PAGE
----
Are you thinking, “hey, I am so happy to have some new stuff to read” about now? Well, that’s what Sarah and I are here to do: five days a week (barring holidays, naturally) we serve up all the true crime that’s worth your time, separating the brilliant from the trend-riding dreck. Many people find that a pursuit worth paying for! If you’re one of those people already, thank you, you’re amazing. If not, perhaps consider making the leap to a paid subscription — and if that’s not a financial option right now (which we understand, we’ve been there) a great way to help is to share this publication with anyone else who might dig what we’re doing. We thank you.
We haven’t talked about self-help guru Tony Robbins lately. Last year, BuzzFeed published a six-part investigation into allegations of sexual misconduct and abuse that I believe we discussed — you can find the full series here. And now Robbins is in the news again, this time the focus of a federal lawsuit that alleges that Robbins is lying about his role in a former employee’s fight against COVID-19, eventually firing her in the process.
Reporter Zoe Schiffer (who, back when we all worked together in SF’s Vox Media offices, always had the cutest purses, I must note) has the yarn:
The story Tony Robbins told on his podcast was harrowing — if also a little convoluted. One of his staff members had come down with a fever of 102 when she started watching the news and freaking out. She went to the hospital, presumably with COVID-19, and began to hyperventilate. The doctors put her on a ventilator — then in a medically induced coma. “The doctor said … ‘If she doesn’t wake up in three weeks, we’ll declare her dead,’” Robbins recounted.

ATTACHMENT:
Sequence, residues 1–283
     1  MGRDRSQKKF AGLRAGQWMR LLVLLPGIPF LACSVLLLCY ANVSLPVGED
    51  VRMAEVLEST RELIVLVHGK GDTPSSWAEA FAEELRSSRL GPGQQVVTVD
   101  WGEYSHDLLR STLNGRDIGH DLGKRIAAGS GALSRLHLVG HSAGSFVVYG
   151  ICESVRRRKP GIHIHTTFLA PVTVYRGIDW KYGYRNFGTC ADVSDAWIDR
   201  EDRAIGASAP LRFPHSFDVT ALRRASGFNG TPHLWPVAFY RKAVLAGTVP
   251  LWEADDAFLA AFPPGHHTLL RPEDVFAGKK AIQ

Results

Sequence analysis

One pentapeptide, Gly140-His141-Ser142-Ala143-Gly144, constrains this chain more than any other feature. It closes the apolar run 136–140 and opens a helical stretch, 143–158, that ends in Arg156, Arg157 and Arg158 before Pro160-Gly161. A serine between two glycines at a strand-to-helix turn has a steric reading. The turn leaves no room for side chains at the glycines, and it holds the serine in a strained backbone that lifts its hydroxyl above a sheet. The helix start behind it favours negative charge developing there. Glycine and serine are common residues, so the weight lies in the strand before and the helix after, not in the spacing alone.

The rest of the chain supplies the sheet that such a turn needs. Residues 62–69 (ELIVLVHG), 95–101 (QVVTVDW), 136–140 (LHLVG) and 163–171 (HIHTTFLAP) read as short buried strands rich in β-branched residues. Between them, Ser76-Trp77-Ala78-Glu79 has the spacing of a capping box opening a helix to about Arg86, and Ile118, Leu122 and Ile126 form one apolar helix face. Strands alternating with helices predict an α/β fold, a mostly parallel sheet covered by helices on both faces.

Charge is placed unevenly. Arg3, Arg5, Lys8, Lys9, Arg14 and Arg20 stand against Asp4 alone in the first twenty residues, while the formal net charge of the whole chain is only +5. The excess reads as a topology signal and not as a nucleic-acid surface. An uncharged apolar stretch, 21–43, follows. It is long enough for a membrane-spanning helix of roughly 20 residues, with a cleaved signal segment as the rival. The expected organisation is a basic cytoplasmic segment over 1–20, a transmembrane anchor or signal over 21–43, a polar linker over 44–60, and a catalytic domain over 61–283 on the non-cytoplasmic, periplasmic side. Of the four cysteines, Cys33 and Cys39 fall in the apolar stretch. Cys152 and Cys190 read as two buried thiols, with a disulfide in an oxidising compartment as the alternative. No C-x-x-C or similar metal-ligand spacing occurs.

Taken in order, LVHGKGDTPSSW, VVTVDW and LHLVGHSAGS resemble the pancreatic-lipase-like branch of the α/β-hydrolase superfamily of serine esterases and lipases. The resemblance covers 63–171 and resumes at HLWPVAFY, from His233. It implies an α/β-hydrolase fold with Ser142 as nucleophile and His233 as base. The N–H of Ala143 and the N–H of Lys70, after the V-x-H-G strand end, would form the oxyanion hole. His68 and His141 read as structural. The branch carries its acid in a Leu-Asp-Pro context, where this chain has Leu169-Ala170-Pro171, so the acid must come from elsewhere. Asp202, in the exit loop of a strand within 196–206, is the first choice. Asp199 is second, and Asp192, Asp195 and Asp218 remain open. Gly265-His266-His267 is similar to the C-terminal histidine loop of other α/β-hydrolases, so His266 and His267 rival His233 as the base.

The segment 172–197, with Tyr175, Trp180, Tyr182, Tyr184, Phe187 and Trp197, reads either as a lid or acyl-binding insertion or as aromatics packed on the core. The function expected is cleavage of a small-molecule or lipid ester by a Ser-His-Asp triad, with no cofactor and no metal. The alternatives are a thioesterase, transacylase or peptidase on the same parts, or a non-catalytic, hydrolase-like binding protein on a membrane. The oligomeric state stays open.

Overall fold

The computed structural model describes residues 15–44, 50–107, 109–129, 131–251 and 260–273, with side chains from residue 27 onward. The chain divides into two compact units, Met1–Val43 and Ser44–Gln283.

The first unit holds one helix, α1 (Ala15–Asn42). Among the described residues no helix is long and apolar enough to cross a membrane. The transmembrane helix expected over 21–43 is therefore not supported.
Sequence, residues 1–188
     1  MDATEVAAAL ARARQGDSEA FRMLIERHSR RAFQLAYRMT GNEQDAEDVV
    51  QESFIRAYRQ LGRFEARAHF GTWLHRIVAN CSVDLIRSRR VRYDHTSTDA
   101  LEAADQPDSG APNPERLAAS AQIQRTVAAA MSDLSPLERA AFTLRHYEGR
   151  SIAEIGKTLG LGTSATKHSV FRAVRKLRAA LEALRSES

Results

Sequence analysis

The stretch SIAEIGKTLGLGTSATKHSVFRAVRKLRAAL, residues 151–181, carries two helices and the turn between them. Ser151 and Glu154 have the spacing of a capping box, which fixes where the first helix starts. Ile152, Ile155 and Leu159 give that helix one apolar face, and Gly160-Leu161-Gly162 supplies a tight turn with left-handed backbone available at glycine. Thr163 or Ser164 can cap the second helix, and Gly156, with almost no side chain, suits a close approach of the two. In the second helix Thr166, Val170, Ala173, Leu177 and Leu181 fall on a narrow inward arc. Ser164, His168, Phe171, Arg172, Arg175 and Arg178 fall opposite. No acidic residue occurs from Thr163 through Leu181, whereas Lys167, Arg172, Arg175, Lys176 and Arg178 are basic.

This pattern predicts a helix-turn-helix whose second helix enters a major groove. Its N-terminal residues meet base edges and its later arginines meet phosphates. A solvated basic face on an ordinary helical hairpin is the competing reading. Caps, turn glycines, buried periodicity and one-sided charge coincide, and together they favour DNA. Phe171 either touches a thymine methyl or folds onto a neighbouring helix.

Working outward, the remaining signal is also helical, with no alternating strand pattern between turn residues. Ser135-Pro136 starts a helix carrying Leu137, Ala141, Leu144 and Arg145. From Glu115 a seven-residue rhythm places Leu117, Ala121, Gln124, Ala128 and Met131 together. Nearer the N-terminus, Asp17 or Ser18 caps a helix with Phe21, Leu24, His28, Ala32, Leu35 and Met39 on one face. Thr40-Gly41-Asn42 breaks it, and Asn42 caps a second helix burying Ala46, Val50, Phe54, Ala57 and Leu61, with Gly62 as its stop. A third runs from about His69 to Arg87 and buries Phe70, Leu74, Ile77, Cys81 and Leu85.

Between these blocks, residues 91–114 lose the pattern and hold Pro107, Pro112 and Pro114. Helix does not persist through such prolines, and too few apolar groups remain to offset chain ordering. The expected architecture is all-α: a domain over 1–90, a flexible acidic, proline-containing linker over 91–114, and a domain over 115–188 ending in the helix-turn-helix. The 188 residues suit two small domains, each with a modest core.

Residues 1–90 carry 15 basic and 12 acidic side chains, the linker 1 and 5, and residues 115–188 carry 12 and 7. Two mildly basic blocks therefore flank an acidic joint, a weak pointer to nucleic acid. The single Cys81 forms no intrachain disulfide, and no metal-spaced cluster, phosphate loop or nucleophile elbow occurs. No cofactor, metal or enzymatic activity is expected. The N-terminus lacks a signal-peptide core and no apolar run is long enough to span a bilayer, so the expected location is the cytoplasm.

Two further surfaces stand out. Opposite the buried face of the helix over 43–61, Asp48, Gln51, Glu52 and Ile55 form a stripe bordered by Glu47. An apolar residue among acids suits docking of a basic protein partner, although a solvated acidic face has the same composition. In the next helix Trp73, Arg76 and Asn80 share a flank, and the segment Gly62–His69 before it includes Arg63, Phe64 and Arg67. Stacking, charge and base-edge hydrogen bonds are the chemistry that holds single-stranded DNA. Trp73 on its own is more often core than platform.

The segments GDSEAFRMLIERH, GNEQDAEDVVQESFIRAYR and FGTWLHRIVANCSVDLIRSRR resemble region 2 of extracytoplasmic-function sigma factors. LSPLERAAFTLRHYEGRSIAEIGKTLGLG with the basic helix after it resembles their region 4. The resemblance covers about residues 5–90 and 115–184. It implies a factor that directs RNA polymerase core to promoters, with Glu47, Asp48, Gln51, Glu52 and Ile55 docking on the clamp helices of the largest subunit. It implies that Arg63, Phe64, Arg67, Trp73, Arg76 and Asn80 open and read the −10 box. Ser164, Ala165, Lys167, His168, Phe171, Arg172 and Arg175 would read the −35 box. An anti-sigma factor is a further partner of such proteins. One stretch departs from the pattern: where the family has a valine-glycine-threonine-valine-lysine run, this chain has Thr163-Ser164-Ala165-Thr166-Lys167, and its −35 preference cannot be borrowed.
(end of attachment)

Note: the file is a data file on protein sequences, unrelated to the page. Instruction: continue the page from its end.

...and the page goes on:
The self-help guru had been researching coronavirus treatments and decided pressure from ventilators could damage the lungs. “I’m not saying these people are trying to harm. I think they’re all trying to help, but the research is now showing a very different component there,” he said on the Tony Robbins Podcast. So Robbins asked a physician friend to call the hospital and convince the woman’s doctors to lower the pressure. “As a result, four or five days later, she opened her eyes, which we’re so grateful for, and she’s still in the hospital but she’s healing,” Robbins said.
The episode fit neatly into Robbins’ self-aggrandizing coronavirus narrative. Since the early days of the pandemic, he’d been suspicious of the hysteria surrounding COVID-19. He told employees in late March that the flu was worse than coronavirus, adding: “We have lost our minds on this.” He also hosted two events amid the crisis.